Carolina Bonilla '10
Hostos Community College ASAP '10
John Jay College '12, Public Administration Major
Intern, Office of Manhattan Borough President Scott M. Stringer
I spent my childhood in New York City and then moved to Puerto Rico for about seven years. During that time I had to drop out of high school because at the age of 17 I had a daughter who was diagnosed with multiple disabilities and I didn’t see myself finishing school with all the responsibility I had with her. I got divorced and came to New York City; I went through the shelter system and got an apartment; I found my soul mate and had a second child. After I felt stable, I struggled to achieve my GED with Grace Outreach. It took me about a year and when I finished they helped me apply to Hostos Community College.
When I was applying to Hostos, I came across a table in the admissions office with pamphlets on the ASAP program, so I decided to apply with the help of Grace Outreach. I was very excited to learn about all the benefits that the program had. In my eyes I felt I was applying for a scholarship. I also felt that I would really have a chance to succeed. I had a lot of responsibilities including my daughter’s needs and my toddler, and I had also just gotten engaged. But it seemed to me that ASAP covered every possible excuse a person would give to not study.
In ASAP I had the benefits of a steady schedule that guaranteed me getting home on time to get my children from school. I was able to do tutoring, which helped me complete any assignments I had, and helped me feel like I had a definite chance of doing well in all my classes. I usually tried to finish my assignments before going home so they wouldn’t interfere with my other responsibilities. The free metro card was another helpful benefit. And a very important aspect of ASAP is the team that worked with us, including advisors, directors, and the job developer.
ASAP provided the kind of support that helped me deal with what went on in my life and as a student. I had an advisor, Edwin Diaz, who was terrific. He used to call me if I missed a class to see if everything was okay, if I had someone to catch up with, or if I needed any help. ASAP became like a special family to me; they gave me so much support, and I believe this is very important because college is scary and you don’t know what to expect from it. And having a group of people there—no matter what—to help, to give advice, or at least to point you in the right direction is really helpful.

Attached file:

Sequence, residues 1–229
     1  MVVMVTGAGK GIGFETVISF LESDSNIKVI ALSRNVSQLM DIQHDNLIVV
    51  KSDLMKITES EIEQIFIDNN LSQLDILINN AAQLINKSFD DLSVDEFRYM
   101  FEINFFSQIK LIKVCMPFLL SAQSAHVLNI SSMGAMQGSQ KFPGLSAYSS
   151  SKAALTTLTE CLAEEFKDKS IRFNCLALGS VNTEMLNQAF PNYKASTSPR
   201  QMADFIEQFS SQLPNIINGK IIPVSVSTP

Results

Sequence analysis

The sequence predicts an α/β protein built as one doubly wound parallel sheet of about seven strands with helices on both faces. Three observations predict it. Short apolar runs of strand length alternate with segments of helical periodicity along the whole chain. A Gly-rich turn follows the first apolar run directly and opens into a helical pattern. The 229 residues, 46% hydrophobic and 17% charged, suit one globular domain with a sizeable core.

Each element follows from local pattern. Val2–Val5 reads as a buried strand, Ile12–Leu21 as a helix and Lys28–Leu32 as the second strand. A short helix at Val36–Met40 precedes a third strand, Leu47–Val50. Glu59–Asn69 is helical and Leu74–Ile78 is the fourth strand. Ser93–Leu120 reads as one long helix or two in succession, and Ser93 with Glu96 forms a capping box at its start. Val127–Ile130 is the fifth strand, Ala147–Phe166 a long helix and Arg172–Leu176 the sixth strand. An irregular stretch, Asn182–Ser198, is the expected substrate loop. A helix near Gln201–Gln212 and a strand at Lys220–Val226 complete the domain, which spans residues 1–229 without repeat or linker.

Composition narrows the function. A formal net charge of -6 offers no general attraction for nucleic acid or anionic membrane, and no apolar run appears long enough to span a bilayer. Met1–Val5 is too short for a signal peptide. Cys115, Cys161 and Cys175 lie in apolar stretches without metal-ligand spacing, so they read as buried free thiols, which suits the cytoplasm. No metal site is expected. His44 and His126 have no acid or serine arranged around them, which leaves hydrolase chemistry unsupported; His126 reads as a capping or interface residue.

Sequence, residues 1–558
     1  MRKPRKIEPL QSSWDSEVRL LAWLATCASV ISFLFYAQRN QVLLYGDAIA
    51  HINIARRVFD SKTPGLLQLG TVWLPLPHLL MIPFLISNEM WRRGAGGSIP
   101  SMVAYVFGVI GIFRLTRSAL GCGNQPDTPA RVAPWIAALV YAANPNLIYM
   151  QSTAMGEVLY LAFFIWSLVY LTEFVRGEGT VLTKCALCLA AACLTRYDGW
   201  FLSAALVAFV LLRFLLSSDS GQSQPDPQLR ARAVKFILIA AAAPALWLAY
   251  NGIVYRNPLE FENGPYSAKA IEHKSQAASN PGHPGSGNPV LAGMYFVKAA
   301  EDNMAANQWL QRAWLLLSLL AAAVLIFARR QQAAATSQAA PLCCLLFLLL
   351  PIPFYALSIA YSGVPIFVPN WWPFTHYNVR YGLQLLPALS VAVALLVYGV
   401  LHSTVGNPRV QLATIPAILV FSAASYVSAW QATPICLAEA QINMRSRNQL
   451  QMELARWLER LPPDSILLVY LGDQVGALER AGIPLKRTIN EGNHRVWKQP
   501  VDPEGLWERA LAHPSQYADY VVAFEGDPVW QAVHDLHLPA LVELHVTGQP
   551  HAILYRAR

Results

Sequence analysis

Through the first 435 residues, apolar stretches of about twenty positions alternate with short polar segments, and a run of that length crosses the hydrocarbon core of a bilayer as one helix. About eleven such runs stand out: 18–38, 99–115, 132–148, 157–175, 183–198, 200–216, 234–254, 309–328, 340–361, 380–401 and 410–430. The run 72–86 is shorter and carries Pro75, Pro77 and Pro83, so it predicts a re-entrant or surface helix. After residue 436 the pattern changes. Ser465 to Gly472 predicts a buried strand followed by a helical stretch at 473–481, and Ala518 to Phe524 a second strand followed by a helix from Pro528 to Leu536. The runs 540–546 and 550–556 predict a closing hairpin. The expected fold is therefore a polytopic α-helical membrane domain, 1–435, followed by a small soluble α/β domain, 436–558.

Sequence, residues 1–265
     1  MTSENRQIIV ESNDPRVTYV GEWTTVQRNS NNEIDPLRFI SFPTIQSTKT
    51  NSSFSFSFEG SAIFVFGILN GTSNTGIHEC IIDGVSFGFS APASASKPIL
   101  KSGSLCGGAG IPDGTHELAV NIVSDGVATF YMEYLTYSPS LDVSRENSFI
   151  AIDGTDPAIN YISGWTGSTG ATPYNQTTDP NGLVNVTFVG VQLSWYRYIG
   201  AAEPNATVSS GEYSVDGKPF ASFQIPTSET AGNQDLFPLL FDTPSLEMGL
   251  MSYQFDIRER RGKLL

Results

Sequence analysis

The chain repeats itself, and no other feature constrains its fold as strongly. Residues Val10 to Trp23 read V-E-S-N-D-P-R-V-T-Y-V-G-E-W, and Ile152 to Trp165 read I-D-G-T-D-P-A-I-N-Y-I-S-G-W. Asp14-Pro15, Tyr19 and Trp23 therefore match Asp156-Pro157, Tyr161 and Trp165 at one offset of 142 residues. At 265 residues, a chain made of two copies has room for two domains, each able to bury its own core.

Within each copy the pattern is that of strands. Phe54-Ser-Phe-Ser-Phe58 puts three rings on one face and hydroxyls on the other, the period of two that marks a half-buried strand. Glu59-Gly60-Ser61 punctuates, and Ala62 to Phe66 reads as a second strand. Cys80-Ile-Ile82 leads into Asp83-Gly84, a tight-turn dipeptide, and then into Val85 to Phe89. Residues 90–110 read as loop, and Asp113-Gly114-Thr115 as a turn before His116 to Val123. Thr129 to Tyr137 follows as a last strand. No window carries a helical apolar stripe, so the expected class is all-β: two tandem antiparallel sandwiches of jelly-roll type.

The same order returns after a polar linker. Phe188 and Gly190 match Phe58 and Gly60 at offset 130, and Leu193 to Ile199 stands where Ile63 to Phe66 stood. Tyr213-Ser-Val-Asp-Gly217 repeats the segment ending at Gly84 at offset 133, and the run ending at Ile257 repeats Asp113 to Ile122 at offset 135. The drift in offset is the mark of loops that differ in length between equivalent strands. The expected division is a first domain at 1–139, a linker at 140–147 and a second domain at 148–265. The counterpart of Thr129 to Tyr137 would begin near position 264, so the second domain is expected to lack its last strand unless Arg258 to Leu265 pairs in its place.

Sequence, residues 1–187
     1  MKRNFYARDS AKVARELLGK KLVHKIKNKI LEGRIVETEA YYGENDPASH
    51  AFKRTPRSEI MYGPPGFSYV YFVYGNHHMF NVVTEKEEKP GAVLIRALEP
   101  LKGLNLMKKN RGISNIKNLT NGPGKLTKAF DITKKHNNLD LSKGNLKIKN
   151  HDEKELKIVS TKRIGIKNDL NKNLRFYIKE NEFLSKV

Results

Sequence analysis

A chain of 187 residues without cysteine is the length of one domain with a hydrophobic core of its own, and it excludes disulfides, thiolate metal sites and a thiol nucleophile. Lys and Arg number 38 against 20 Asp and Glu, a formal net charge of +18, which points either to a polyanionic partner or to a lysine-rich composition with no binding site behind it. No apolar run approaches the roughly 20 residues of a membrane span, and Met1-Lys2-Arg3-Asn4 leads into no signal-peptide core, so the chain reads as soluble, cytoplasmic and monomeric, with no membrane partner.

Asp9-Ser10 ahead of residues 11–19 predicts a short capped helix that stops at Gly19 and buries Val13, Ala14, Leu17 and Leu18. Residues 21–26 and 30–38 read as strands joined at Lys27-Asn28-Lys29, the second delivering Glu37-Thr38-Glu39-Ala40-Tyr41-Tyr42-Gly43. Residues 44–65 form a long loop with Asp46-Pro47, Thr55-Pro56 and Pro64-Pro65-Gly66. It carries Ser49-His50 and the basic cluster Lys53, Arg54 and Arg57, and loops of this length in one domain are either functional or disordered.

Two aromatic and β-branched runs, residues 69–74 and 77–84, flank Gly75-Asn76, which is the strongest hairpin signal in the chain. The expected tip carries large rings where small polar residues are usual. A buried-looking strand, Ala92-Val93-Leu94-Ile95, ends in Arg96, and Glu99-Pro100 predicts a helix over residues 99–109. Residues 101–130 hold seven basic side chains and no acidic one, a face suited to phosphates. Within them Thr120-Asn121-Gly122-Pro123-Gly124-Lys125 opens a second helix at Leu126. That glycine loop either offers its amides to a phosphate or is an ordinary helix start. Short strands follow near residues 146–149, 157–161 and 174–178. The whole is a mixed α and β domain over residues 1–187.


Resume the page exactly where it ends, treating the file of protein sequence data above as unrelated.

After I graduated from Hostos I transferred to John Jay College of Criminal Justice. I am pursuing a B.A. in Public Administration with a concentration in managerial oversight and investigations. I am also working on a psychology minor, and I have just been accepted to a peer counseling program for the upcoming semesters. Through work-study this past year I have been gaining experience in the John Jay payroll department.
ASAP opened my eyes by showing me that I am capable of accomplishing things. ASAP helped me root out my strengths and explore different areas of work. I learned to network and how to act professionally, thanks to the job developer Ms. Berkis, and in a way ASAP helped me to become that person I had always wanted to be. When I transferred to John Jay and had to actually do everything on my own, like register, explore the campus, and pick my classes, I wasn’t as scared because I felt I was strong enough to do things on my own. In the long run I can say that ASAP gave me the chance, it didn’t give up on me, and it helped me achieve something that made me feel like I can achieve anything. While at ASAP I received honorary mentions from Kaplan University, the Wachovia Scholarship, the Home Depot Scholarship, and the NYCHA Scholarship. I also received awards for being a peer tutor and was inducted into Phi Theta Kappa International Honors Society. I am very proud of my accomplishments; thanks to ASAP I was able to experience them.